It's break so your organs are celebrating

Did you know that taking a break is a feast for all your organs? Now that no toxic substances have to be broken down, your body can focus on what it was made for. Keep your body healthy and clean. On behalf of your organs: thank you!

The liver

Before we go into more detail about how your liver develops when you take an alcohol break, we will first show you how your liver works when you drink alcohol on the basis of three steps.

Step 1: The liver breaks down the alcohol into acetaldehyde. Acetaldehyde is a poisonous substance, it affects the organs and is, among other things, responsible for the hangover.

Step 2: The liver breaks down the acetaldehyde into acetic acid.

Step 3: The acetic acid is broken down into water and carbon dioxide. Water and carbon dioxide are excreted through urine and breath.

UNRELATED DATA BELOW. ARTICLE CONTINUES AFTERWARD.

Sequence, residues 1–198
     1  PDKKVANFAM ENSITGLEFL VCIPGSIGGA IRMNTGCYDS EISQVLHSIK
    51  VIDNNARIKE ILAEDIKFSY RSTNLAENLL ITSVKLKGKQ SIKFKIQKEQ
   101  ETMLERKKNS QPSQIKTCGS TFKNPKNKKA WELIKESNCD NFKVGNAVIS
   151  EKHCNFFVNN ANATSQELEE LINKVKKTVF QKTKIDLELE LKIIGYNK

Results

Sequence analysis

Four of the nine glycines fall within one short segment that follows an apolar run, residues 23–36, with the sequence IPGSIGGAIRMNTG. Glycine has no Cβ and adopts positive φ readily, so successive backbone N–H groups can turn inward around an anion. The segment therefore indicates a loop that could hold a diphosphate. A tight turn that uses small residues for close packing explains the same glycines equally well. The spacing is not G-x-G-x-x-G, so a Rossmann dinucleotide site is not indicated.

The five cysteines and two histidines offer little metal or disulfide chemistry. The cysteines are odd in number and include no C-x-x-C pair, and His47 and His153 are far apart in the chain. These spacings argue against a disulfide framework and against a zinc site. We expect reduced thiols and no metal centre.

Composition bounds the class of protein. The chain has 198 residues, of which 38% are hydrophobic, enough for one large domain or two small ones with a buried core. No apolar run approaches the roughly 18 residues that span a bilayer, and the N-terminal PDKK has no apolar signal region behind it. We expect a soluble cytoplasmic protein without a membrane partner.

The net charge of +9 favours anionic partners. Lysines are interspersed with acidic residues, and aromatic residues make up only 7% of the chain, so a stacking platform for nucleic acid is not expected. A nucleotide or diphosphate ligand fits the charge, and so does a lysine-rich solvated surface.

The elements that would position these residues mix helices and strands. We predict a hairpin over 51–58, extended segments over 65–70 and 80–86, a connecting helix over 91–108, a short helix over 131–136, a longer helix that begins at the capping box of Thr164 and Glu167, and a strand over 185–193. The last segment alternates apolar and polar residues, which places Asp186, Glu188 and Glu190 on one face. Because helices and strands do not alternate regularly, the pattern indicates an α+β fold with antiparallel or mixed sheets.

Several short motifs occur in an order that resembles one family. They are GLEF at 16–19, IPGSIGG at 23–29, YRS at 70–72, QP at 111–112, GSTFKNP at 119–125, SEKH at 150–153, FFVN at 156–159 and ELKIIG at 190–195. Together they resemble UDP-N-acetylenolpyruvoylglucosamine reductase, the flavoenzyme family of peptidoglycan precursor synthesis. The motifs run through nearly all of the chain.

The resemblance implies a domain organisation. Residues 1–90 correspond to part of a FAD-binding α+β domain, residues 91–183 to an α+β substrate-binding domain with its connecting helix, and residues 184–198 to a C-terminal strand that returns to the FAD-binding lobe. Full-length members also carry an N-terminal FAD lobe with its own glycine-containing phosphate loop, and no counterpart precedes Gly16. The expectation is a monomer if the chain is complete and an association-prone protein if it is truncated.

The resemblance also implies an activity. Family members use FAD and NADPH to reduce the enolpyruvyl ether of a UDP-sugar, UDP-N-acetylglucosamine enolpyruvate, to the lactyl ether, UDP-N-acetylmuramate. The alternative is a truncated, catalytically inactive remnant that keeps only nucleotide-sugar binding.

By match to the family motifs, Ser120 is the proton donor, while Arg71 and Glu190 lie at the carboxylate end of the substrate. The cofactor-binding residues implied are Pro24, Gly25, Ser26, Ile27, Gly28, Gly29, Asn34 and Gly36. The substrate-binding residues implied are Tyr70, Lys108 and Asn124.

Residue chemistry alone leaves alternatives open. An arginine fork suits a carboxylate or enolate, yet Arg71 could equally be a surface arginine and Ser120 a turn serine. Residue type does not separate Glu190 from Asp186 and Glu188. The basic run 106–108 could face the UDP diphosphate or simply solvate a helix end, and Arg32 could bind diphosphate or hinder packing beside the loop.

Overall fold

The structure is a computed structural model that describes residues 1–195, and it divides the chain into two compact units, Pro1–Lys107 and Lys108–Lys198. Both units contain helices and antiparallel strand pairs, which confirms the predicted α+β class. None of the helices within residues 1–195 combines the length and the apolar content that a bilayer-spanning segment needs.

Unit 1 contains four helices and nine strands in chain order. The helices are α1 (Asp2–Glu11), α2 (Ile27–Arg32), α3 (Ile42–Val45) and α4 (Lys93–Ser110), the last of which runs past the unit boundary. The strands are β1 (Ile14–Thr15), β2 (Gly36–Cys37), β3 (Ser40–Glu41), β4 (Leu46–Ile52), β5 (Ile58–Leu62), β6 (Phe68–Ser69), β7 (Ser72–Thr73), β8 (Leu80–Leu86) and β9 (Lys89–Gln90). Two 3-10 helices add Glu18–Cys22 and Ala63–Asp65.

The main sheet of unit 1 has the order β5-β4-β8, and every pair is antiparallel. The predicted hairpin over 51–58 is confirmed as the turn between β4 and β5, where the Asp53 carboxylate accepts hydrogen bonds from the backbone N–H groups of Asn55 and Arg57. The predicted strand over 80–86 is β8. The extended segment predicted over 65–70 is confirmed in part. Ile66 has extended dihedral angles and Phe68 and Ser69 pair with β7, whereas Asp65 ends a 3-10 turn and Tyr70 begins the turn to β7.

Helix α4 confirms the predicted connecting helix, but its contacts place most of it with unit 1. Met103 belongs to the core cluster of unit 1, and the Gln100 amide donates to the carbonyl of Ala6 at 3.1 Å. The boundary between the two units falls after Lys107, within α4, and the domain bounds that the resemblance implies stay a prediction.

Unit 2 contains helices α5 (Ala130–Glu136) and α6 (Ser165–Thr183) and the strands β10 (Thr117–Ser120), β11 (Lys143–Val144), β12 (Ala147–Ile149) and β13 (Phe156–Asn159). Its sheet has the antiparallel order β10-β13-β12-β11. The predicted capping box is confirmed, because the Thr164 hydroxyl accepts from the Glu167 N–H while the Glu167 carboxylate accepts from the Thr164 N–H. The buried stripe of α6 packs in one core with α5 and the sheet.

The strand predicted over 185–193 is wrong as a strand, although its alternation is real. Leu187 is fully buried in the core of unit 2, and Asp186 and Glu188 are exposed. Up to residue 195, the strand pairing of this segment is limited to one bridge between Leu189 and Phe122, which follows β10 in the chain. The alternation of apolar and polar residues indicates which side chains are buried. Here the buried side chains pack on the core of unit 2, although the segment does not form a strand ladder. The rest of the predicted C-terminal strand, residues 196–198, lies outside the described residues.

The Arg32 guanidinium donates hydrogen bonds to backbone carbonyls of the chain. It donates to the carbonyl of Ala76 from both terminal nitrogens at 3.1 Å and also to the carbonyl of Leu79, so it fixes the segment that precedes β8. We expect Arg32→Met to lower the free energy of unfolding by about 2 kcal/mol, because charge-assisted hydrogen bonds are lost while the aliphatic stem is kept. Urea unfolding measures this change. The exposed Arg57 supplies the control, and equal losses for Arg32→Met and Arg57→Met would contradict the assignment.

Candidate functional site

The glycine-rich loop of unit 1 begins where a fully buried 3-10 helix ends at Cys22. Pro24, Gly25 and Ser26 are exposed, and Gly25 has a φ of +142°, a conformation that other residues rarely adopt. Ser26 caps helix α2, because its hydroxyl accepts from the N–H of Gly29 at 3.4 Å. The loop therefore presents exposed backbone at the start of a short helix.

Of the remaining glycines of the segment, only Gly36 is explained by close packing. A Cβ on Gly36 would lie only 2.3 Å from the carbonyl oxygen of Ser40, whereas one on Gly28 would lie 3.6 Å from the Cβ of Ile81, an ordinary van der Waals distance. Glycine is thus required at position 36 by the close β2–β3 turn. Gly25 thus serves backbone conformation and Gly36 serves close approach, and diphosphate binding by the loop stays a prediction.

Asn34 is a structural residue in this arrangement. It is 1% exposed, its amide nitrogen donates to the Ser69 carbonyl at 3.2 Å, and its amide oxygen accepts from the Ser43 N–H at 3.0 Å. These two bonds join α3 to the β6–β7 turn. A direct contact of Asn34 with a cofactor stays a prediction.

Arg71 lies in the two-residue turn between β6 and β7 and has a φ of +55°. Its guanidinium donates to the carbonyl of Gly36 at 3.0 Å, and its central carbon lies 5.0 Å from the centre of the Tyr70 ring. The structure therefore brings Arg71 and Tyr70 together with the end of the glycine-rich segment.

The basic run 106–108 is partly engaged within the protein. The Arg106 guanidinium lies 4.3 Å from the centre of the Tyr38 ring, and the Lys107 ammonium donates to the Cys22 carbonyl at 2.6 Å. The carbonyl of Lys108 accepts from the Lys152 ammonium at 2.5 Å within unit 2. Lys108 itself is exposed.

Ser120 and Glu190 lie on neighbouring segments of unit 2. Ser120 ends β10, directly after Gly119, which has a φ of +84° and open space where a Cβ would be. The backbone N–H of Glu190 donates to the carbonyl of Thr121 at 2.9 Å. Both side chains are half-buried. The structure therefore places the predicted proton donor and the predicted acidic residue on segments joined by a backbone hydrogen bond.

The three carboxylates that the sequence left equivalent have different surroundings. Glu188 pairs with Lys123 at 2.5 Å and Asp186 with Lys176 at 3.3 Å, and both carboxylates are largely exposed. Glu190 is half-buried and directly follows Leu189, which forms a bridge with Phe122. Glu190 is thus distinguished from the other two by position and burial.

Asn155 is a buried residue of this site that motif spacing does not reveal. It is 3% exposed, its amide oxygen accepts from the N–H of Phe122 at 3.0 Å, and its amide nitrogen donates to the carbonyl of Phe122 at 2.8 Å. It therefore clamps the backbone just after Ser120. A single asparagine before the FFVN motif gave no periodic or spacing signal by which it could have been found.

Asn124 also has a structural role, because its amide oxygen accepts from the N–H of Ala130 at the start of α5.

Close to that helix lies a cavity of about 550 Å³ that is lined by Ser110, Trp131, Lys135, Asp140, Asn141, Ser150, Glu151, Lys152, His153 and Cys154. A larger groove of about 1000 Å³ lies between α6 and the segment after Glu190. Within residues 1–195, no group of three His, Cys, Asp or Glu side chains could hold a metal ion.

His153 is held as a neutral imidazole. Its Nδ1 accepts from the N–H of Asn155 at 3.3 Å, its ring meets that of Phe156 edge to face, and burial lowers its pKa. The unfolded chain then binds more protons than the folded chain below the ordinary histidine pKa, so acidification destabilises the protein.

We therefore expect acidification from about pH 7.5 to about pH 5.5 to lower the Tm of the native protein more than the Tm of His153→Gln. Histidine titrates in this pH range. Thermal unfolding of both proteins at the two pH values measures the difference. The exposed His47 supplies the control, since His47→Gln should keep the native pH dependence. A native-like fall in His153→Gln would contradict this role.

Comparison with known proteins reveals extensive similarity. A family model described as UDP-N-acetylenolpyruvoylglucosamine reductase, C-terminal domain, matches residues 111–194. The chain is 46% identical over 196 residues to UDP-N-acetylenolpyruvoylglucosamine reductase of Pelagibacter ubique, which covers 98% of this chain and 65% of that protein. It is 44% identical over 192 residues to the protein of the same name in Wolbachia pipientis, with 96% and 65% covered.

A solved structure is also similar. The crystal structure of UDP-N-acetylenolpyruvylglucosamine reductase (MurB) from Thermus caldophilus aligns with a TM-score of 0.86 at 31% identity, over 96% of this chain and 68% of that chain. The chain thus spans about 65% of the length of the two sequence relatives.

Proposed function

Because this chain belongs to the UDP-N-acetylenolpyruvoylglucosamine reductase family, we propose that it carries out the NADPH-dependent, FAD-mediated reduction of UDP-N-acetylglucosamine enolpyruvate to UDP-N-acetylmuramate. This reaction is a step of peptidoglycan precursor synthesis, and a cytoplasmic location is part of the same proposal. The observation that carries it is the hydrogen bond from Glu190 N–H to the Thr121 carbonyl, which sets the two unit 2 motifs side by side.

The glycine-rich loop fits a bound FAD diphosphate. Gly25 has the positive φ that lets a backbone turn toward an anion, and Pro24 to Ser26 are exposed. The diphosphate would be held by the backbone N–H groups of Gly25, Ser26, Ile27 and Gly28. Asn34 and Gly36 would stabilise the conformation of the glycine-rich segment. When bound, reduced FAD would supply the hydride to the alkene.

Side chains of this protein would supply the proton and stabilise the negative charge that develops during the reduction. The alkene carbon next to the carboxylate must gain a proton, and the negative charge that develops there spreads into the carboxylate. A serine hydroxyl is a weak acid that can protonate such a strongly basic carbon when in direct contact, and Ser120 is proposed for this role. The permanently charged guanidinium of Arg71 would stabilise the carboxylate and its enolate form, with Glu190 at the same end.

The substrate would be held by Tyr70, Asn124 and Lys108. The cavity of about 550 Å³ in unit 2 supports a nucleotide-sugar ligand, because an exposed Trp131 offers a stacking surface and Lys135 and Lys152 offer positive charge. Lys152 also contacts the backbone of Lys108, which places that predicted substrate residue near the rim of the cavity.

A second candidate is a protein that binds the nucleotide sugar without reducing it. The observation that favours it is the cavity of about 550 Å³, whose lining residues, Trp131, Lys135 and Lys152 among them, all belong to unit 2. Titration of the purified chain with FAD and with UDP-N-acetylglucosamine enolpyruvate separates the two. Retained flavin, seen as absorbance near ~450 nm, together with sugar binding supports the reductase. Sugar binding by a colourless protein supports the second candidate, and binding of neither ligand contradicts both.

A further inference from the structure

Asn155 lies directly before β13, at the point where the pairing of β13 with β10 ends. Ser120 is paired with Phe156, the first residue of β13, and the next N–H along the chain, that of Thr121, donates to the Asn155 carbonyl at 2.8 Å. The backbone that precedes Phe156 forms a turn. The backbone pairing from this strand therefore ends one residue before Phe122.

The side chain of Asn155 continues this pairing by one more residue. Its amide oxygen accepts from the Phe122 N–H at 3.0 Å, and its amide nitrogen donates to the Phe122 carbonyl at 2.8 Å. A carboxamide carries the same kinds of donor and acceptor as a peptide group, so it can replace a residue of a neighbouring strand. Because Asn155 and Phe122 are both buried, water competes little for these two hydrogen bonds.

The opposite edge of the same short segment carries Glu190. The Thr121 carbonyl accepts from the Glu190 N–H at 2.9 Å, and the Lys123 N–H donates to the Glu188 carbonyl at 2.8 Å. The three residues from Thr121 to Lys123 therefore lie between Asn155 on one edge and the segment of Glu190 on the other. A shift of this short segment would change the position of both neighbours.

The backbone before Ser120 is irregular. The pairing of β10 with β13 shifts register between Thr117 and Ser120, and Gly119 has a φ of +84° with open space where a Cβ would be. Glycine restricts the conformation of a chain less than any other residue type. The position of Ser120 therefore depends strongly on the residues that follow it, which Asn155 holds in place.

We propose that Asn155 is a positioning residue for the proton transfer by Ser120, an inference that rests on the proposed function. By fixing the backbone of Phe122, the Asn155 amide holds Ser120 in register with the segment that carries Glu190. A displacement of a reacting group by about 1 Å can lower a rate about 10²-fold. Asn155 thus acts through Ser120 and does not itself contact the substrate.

Pause!

The claim that the liver rests and recovers with a month of alcohol break is not a fluke, but is supported by research. Researchers from Radboudumc, together with the NTR television program De Kennis van Nu, took the test. Fourteen moderate drinkers and the presenters of The Knowledge of Now did not drink alcohol for a month before the study. To exclude coincidences, nine abstainers participated as a control group. What turned out? An alcohol-free month caused the cholesterol levels to drop, the belly fat to decrease and the blood levels, which indicate an irritation of the liver and the decay of liver cells, also decreased.

The brain

You are (again) at home on the couch and you have just finished your first (and second, and third) alcoholic drink. You become a bit rosy, make a few good jokes, are extra cheerful, a bit more relaxed. Or the opposite happens: your mood changes. Instead of 'extra cozy' you become gloomy, anxious, unkind or even angry. Not pleasant for yourself and your environment and last but not least: not good for your brain.

Long term consequences

Drinking too much alcohol for a long time can also have long-term consequences, such as brain damage. A well-known example of this is Korsakov Syndrome. Memory problems and often neglect of appearance occur with this type of brain damage. The latter is due to the so-called loss of decorum, or loss of daily (external) care. The brain damage in Korsakov Syndrome is permanent and progressive (source: www.Gezondheidsplein.nl).